Thanks for popping in.
Portsmouth is within easy reach by train and perfect for a day out. There are two stations, one in the City centre and another at the Harbour, which is ideal for a trip round the Historic Dockyard to see The Victory or Mary Rose and all the Naval Museums or you could visit the Spinnaker Tower and the Gunwharf Quays shopping centre or, like us, it's a good way to pick up the coast for a stroll next to the sea towards Southsea.
On the way, you'll pass the Ferry Terminals full of passengers heading to the Isle of Wight and just after the razzamatazz of Clarence Pier, you can watch the Hovercrafts puff up and scoot over to the Isle in only 10 minutes. There is so much to watch with boats going this way and that, you could just sit on one of the many benches for hours and be happily entertained. That wouldn't really improve the step count though!
Walking along, past King Henry VIII's Castle, the South Parade Pier and the Pyramid Centre, past the rock and rose gardens, you reach Eastney Beach, there's the Coffee Cup café for a spot of refreshment where you can sit outside and take in the view. It is here that the shingle is covered in plants, quite different from the beach you have already walked along. It's a Site of Importance for Nature Conservation (SINC).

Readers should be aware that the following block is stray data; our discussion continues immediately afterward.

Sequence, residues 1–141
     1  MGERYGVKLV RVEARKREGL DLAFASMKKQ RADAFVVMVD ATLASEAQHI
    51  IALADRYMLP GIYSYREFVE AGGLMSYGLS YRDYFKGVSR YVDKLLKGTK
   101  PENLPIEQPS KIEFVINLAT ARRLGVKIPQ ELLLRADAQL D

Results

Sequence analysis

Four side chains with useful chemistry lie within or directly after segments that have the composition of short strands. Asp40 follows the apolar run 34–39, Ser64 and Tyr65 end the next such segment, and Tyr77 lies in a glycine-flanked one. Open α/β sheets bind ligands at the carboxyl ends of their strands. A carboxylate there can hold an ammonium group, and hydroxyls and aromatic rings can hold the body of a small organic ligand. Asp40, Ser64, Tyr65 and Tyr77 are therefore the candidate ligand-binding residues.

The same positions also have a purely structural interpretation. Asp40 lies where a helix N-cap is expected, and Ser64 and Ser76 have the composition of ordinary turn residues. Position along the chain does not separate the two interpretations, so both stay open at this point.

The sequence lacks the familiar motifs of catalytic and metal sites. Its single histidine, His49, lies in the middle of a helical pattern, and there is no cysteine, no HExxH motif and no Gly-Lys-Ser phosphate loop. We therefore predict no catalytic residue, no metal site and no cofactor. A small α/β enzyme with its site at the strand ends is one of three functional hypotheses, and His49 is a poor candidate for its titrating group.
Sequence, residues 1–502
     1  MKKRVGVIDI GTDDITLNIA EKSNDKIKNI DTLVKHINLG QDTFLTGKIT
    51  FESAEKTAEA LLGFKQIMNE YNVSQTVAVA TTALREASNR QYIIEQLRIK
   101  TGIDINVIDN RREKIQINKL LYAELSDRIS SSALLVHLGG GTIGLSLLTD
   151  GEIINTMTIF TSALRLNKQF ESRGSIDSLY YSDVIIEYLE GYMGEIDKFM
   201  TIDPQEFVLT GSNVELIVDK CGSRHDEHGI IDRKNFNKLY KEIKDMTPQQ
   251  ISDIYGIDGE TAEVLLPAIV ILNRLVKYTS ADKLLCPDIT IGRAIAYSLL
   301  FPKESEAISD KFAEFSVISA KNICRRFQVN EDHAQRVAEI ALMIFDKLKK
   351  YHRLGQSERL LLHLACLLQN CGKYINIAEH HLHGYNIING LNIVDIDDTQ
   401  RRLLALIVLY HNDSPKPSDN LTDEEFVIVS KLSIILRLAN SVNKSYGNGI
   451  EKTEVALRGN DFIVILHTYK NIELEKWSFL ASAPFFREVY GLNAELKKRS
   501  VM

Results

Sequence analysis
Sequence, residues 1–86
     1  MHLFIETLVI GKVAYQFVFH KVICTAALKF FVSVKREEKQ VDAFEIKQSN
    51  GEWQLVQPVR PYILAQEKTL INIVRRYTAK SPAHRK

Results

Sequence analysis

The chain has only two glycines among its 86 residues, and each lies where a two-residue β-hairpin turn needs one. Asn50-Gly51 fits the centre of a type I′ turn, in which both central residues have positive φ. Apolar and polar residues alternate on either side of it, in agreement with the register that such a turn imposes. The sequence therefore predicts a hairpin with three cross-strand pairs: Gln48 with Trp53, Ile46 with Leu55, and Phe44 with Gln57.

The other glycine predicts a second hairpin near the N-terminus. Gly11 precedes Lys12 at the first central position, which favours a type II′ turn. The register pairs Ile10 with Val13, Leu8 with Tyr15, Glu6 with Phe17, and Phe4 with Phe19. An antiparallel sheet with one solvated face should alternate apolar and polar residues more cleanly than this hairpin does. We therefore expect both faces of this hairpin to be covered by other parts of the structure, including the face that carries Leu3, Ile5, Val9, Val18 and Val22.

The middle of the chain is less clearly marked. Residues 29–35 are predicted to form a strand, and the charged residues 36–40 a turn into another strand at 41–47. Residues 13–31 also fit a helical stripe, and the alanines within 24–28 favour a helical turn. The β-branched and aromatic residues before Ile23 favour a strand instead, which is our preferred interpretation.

Helpfully, there's an information board.
It was looking particularly splendid on this visit, covered in red valerian flowers and cabbage like plants - sea kale, wild radish, common mallow plus loads of others - so pretty. Have a look here for a complete list.
Eventually it's time to head back to the station.
|The view from South Parade Pier - you can just make out King VIII's Castle.|
There's just time to stop at the Aspex Gallery for an almond croissant and some camomille tea.
|An art lesson was in full swing at the Aspex Gallery as we enjoyed our tea.|
Interestingly, our outing was another 25,000 steps, similar to our visit to the Festival!
By the way, we couldn't resist the Rose Garden, which I'll show you next time.